#Powercolours: Pompeiian Red

#Powercolours: Pompeiian Red

Giovanni Blandino Published on 2/14/2024

A few centuries ago, artists, cultural patrons and aristocrats from all over Europe began travelling across the continent to hone their taste and appreciation of beauty. When they reached the Naples area, the travellers’ diaries and journals describe admiring a beautiful red colour in the villas and many other buildings of an ancient city.

That city was Pompeii – buried by a volcanic eruption long ago and brought to light, to widespread amazement, in the eighteenth century – and that specific red became known as Pompeiian Red.

As a result, Pompeiian Red made its way into Western colour schemes: today it is a classic hue, the star of countless architecture, design and fashion projects. And now also the latest stop on our journey exploring iconic colours!

What colour is Pompeiian Red?

Pompeiian Red is known by many other names, including Herculaneum Red, Pozzuoli Earth Red, English Red and Verona Red Earth. Whatever you want to call it, it is an ancient, intense, austere and stylish colour.

Pompeiian Red has a Pantone code: 18-1658 TPX. And if you want to use it online, according to Encycolorpedia the HEX code for Pompeiian Red is #a42a2e.

Some people confuse Pompeiian Red with another colour, Dragon’s Blood, but the two tones are not actually quite the same: although both pigments were used by the ancient Romans, they come from completely different sources. Dragon’s Blood is produced from an organic substance, a plant from the genus Dracanea, while Pompeiian Red, as we will see, is inorganic: it has a mineral composition.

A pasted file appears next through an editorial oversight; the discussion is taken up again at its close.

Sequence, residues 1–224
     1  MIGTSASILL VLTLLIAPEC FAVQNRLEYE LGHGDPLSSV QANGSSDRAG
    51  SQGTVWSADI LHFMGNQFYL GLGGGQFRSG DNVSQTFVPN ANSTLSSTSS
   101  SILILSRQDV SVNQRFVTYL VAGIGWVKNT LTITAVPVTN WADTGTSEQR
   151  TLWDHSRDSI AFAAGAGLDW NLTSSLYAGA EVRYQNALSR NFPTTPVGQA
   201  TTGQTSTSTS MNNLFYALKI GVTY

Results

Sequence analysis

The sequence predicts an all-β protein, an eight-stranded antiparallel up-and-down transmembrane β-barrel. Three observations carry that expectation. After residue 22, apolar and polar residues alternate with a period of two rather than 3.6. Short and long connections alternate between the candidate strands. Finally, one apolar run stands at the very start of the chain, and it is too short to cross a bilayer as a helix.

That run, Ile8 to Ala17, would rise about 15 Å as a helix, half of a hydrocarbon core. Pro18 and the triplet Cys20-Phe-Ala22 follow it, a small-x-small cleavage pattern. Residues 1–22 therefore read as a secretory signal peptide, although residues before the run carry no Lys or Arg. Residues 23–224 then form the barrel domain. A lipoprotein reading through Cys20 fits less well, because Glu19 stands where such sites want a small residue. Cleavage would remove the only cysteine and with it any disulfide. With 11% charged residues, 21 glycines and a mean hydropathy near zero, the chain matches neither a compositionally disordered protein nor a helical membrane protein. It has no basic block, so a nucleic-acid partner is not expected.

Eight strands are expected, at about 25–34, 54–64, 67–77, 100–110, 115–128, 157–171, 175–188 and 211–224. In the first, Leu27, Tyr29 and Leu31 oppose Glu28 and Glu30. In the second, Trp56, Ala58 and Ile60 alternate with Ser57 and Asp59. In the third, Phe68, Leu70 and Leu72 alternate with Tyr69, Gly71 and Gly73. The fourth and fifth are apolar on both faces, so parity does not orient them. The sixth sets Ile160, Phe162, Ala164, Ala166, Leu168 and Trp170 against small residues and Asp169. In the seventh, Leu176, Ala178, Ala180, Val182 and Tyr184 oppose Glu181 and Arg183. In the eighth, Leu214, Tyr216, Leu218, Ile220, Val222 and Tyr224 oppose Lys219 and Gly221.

Where did Pompeiian Red come from?

Pompeiian Red became famous in the eighteenth century, when major archaeological digs unearthed two incredibly well-preserved ancient Roman cities: Pompeii and Herculaneum.

A fresco from the Villa of the Mysteries at Pompeii, starring Pompeiian Red. Image: dailybest.it

Many of the Roman villas in the two cities turned out to have incredible, captivating frescos in a perfect state of repair. And one of the things the first archaeologists found most striking was the colour: numerous walls were painted in an intense shade of red, which became known as Pompeiian Red.

Pompeiian Red soon became renowned in the courts and salons of the rich and famous across Europe. Touring Pompeii and Herculaneum was already a popular undertaking for scholars, aristocrats and people in positions of power. These journeys, known as the Grand Tour (which incidentally gave us the modern word ‘tourism’) shaped the tastes of an entire ruling class. For instance, writer and poet Johann Wolfgang von Goethe – a student of colour theory, about which he wrote a long essay – dedicated several pages to describing Pompeii’s monochrome walls and paintings, which he saw on his journey through Italy.